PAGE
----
Q.        The information we have is Lieutenant Padgett stated never talk to department business — anyone outside of the department, or your worst nightmare will come true.

A.         Yes.  Uh —

Q. Please explain.

A.         So, that occurred, uh — myself and Officer Sarah Boggs were in the office after an officer’s meeting where we had talked about, uh, the possibility of going to a four 10s schedule, and we had the mock four 10s schedule that we were working on up on my computer, and deputy Jessie Eastham (ph) had come to the office and he knocked, he came in — he asked when he walked in what that was, and I told him oh, you know, we’re looking at a four 10s schedule and we’re going to try to pitch it to Robin and Matt and I believe he asked me if I thought it would go, and I said I don’t think they’ll go for it, but it’s at least worth a shot, and then the next day we were told that if —

Q.        By who?

A.         Uh, Lieutenant Padgett.  That if we spoke about department business and — at that point, four 10s were completely eliminated from being a possibility because we were talking with them to an outside — or with another agency.

Q.        So, just to make sure I’m understanding it, it’s your opinion that the reason that the four 10s were eliminated is because of this discussion with the deputy?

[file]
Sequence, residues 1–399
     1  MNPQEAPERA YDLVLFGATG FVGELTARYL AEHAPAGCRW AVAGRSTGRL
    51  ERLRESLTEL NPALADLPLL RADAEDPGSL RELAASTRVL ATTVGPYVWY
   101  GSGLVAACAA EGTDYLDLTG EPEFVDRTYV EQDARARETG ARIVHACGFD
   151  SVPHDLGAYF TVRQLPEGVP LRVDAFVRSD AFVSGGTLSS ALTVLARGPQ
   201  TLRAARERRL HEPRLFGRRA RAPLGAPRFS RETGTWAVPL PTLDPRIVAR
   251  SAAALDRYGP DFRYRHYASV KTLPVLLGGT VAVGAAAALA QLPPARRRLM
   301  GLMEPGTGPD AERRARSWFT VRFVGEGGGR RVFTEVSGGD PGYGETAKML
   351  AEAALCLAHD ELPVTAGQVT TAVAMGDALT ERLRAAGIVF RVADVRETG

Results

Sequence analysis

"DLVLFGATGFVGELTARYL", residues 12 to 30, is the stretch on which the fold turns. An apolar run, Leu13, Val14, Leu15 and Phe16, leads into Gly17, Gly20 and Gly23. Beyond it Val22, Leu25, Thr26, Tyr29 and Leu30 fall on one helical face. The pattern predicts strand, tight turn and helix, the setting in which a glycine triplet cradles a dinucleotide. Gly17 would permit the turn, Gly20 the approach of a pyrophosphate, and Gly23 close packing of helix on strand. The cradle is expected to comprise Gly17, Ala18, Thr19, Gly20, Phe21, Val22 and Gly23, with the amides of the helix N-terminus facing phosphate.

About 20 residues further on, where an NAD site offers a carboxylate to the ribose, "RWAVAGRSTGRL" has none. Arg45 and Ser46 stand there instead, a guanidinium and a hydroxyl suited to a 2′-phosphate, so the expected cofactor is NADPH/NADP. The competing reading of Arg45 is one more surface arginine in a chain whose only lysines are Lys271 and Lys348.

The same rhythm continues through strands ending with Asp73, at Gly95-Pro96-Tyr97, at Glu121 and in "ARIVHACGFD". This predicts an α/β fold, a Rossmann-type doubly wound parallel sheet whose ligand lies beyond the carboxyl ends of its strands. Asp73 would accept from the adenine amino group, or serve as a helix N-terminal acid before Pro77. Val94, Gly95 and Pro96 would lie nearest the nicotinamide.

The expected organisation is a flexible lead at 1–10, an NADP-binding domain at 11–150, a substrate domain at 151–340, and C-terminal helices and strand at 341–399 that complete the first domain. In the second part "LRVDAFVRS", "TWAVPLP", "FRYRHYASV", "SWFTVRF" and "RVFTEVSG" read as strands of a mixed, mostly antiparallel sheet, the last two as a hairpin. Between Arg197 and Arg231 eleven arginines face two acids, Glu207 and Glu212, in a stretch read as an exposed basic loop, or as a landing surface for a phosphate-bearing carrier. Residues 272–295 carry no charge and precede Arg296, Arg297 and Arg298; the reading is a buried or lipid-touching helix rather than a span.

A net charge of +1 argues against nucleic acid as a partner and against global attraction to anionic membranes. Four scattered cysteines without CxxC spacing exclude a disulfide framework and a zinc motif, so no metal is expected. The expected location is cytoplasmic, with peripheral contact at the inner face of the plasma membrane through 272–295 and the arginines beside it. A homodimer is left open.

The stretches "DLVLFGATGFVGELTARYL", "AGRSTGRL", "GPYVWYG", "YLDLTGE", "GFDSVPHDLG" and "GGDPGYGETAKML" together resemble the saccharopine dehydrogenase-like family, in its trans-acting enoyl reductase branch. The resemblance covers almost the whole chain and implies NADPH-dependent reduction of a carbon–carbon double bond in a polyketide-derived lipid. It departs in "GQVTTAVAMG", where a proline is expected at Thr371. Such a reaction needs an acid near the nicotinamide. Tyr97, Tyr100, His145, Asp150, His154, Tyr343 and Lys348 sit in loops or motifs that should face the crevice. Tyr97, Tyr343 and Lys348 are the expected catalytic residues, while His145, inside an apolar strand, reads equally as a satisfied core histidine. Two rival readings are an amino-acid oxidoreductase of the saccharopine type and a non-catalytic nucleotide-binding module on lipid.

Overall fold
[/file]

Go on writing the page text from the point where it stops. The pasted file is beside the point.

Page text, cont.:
A.         Yes, because we told the deputy that we were presenting a four 10s schedule to Lieutenant Padgett.  I think the real reason that we weren’t given it is because he just wanted a reason to not give us four 10s, and felt like he was justified in how we talked about department business with someone else, and I told him at the time, you know — I — you know, I told him we were looking at four 10s.  I said I didn’t know that was a secret.  

Q.        The information that we have is Lieutenant Padgett has stated you’re all morons.  

A.         Yes.

Q.        To officers?

A.         Yes, uh, he’s said that to, I believe, myself, uh, Chris, Sarah, Dan —

Q.      All at once, or —

A.         Uh, at different times.  Dan was never there when Sarah was there.  So, but — at different times —

Q.         How many times have you heard him say — can you give a specific example?

A.         Uh — let’s see.  Uh — (inaudible – 00:49:39) I can’t give a specific example.  I —

Q.         Okay, provide the context and what you can, then.